That´s another example of the “hare chasing the fox”, meaning it is “potential output” that is in pursuit of actual output!

Fox & Hare_2

 

His Excellency, the Model, suggests…

The Federal Reserve Board released an updated version of its large-scale model on the U.S. economy that may hold clues into why policy makers pivoted at their meeting earlier this week toward a December interest-rate increase.

The revised inputs and calculations on Friday suggest the economy will use up resource slack by the first quarter of 2016, according to an analysis by Barclays Plc, and that also indicates Fed staff lowered their near-term estimate for how fast the economy can grow without producing inflation — a concept known as potential growth…

…In the current model, “the long-run growth rate is two-tenths lower” at 2 percent, Barclays said. FOMC participants forecast the economy’s long-run growth rate at 2 percent in September.

The unemployment rate stood at 5.1 percent in September, and the Fed model assumes little change from that level, dipping to a low of 4.8 percent in a forecast horizon that extends to 2020, according to Barclays. FOMC officials estimated full employment — or the level of the unemployment rate consistent with stable prices — at 4.9 percent last month…

…The model, known as FRB/US and updated periodically, is a series of calculations put together by Fed staff that sketch out how broad measures of the economy would change based on a set of defined parameters. The staff also constructs a bottom-up forecast for policy makers before each FOMC meeting. U.S. central bankers use the models and forecasts as reference points, not sole determinants of their decision-making.

This is nothing short of fantastic!

For the past five years, since partially recovering from the “Big Slump” of 2008-09, real output (RGDP) has been crisscrossing the “potential” growth rate. On the last view, it seems to be dying to undercrosss it! From the behavior of NGDP growth, it will likely “manage” that over the coming quarters.

FRB-US Model_1

Meanwhile, unemployment has taken a dive, but that has not put upward pressure on any measure of inflation, that has been “relenting” (and doing so long before the oil price drop since mid-2014).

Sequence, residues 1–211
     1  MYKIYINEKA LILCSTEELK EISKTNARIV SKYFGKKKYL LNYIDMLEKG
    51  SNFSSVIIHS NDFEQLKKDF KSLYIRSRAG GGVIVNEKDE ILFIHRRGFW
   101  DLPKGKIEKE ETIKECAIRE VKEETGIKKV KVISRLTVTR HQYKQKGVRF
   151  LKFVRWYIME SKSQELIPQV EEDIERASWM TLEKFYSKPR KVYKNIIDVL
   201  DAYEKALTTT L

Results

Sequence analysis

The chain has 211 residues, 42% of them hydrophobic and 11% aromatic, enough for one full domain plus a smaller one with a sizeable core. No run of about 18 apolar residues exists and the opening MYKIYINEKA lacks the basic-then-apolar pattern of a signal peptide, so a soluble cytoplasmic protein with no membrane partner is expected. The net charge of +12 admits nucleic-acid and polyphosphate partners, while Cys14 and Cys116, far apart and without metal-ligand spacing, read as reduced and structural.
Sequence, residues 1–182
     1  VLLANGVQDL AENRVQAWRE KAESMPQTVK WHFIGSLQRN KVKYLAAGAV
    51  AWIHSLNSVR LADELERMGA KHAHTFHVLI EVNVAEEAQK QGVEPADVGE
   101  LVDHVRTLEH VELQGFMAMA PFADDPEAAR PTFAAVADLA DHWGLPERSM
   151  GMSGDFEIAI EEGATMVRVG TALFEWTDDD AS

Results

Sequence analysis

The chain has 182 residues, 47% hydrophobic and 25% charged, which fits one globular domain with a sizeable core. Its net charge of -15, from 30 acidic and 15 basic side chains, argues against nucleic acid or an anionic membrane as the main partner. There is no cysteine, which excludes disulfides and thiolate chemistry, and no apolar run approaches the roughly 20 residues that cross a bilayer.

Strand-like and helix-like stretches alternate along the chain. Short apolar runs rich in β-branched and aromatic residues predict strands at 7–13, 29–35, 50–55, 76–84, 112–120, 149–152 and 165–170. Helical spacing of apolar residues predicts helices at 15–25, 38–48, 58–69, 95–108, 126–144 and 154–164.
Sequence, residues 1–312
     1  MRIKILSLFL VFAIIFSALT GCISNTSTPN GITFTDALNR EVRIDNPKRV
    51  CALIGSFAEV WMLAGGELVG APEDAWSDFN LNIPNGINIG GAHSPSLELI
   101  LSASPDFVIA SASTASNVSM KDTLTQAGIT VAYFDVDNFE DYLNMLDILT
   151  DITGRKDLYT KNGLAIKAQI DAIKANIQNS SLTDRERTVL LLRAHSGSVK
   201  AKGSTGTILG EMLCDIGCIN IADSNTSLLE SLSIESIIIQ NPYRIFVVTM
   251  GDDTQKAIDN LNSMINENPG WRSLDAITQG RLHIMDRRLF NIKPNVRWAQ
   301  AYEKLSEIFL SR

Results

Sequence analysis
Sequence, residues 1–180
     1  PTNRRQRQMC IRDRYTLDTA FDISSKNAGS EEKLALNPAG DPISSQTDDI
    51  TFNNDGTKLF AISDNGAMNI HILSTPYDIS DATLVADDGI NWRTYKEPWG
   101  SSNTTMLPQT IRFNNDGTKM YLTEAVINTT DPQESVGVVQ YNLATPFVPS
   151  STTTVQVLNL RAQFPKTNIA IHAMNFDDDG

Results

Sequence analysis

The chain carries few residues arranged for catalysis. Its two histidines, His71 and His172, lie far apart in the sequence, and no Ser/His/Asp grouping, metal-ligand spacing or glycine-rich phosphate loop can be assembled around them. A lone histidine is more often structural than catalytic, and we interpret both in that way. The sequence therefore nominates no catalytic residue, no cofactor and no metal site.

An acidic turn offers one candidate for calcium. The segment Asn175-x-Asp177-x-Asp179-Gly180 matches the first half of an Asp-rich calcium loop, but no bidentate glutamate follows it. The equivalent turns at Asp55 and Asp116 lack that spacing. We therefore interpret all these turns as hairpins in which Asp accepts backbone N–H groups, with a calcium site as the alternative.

FRB-US Model_2

Maybe the future will be significantly different from the recent past, with, for example, low unemployment finally pressuring inflation according to the Fed´s preferred Phillips Curve assumption in the model, given that real growth is (and has been for a long time) at “potential”.

However, before putting a lot of faith in these forecasts, what is the model´s “record of accomplishment”?

The tables below start with the first “Forecast Material” from April/11. Then from March/13, March/14 and the latest from Sept/15. In parenthesis, the realized value for the year. You immediately notice the “one-sided” errors of the forecasts, which mostly over forecast growth, unemployment and inflation!

 

April/11
RGDP Unemploym. PCE PCE-Core
2011 3.2 (1.6) 8.6 (8.5) 2.5 (2.5) 1.5 (1.5)
2012 3.4 (2.2) 7.8 (7.9) 1.6 (1.9) 1.5 (1.9)
2013 3.9 (1.5) 7.0 (6.7) 1.7 (1.4) 1.7 (1.5)

 

March/13
RGDP Unemploym. PCE PCE-Core
2013 2.6 (1.5) 7.4 (6.7) 1.5 (1.4) 1.6 (1.5)
2014 3.2 (2.4) 6.9 (5.6) 1.8 (1.4) 1.9 (1.5)
2015 3.4 (?) 6.3 (?) 1.9 (?) 2.0 (?)

 

March/14        
  RGDP Unemploym. PCE PCE-Core
2014 2.9 (2.4) 6.2 (5.6) 1.7 (1.4) 1.5 (1.5)
2015 3.1 (?) 5.8 (?) 1.8 (?) 1.8 (?)
2016 2.8 (?) 5.4 (?) 1.9 (?) 1.8 (?)

 

Sept/15
RGDP Unemploym. PCE PCE-Core
2015 2.1 5.0 0.4 1.4
2016 2.3 4.8 1.7 1.7
2017 2.2 4.8 1.9 1.9
2018 2.0 4.8 2.0 2.0

Notice how they have been “downgrading” their growth and unemployment forecast over time, but not fast enough to catch up with “reality”. Notice how their inflation forecasts will always move towards the target. They must be greatly frustrated!

I certainly wouldn´t bet the house on the model´s robustness (or precision)!

“Looking for Wally when there are many Wallies”

That well describes the challenges faced by monetary policymakers according to this piece from Bloomberg Business “Are we tight yet? The Fed´s problem in finding the neutral rate”:

Federal Reserve officials just aren’t sure how much stimulus their zero-interest-rate policy is providing.

At issue is the level of the so-called natural, neutral or equilibrium rate of interest, which is the borrowing cost — adjusted for inflation — that keeps the economy at full employment with stable prices.